“Where there is true art and genuine virtuosity, the artist can paint an incomparable masterpiece without leaving even a trace of his identity.” This famous quote by the master illuminator in Orhan Pamuk’s ‘My Name is Red’ is a great introduction to the Ottoman art of miniature painting. Unlike the modern and contemporary concept of the artist as a creative genius with extraordinary skills or intellect, the miniaturist masters of the past opted not to sign their work due to their respect for the Creator.
In an Islamic culture that forbids the realistic depiction of people, objects and nature, miniature paintings took on the role of a visual archive. Daily life at the Sultan’s court, military barracks or the market place were the subjects of these brightly-coloured and incredibly detailed paintings without perspective. Influenced by works of Persian miniatures such as the famous Shahname (The Book of Kings), the lives of Sultans and the stories of major battles were also depicted on the pages of books, which were the main medium for miniature painting. The elaborate genre developed in the 15th century, reached its golden age in the 18th century and later ebbed away as Western styles of painting gained prominence all around the world, including the Ottoman Empire.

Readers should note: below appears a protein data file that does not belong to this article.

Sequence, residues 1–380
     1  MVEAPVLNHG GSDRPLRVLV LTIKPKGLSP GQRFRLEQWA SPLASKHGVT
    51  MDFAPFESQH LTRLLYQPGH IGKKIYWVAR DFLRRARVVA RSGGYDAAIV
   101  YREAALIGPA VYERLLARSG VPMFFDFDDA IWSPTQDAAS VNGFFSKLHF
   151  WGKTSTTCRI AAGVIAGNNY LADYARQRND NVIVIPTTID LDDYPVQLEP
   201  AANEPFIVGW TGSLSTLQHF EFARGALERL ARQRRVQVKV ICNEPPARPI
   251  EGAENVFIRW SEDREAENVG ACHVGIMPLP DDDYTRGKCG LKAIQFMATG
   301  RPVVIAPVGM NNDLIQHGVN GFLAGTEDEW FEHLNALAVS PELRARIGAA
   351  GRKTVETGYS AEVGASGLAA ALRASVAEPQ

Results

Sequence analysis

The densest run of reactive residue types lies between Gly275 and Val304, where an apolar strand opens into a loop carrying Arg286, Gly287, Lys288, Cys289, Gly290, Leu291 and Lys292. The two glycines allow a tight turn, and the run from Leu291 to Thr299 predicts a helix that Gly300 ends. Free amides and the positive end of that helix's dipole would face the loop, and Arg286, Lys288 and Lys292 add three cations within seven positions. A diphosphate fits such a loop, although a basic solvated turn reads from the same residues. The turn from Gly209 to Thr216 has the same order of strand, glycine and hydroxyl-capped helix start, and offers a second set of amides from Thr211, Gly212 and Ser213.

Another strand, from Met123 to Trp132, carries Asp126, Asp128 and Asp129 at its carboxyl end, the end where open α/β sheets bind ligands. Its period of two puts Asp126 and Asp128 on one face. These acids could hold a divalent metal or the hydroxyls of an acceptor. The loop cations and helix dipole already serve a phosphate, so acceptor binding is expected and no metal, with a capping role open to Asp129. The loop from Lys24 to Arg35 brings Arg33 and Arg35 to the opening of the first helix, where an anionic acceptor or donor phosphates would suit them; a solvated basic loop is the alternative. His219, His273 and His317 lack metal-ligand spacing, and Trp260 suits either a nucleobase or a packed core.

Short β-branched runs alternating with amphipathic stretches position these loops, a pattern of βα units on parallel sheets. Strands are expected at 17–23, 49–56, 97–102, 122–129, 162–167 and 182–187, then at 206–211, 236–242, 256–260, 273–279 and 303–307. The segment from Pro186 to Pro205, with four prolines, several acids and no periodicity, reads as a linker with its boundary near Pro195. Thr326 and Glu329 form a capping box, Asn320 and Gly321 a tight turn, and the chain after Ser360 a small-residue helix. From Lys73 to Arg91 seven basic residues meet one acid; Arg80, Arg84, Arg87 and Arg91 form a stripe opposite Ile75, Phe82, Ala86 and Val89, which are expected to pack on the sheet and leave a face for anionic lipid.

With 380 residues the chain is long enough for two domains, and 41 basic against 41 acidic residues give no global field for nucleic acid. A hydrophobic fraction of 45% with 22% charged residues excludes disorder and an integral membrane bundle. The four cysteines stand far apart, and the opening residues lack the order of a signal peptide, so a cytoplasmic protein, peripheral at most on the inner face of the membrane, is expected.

Today there are still miniature painters as well as contemporary artists who use this traditional art form in different media. Elif Uras is a Istanbul-born, New York-based painter whose works focus on gender and class issues in contemporary Turkish society. In her relatively large-format works, Uras incorporates the characteristics of classical miniature painting, with bright colours, bold lines, illumination and a conscious disregard of perspective. She also makes sculptures using the methods with which traditional Iznik tiles have been made for centuries, and adorns them with imagery associated with the female body.
Inci Eviner includes elements from miniature painting in her politically-charged multimedia installations. In her seminal ‘Harem’ video (2009), Eviner casts a darker, a more critical look on Orientalist harem paintings by putting troublemakers in them instead of the typically tame, curvaceous beauties glorified by the typical Western male's gaze.
Another miniature-influenced artist in the contemporary art scene, Gazi Sansoy uses oil painting to create a panorama of Turkey, with imagery ranging from topless sunbathers, victorious Ottoman soldiers, protesters and whirling dervishes.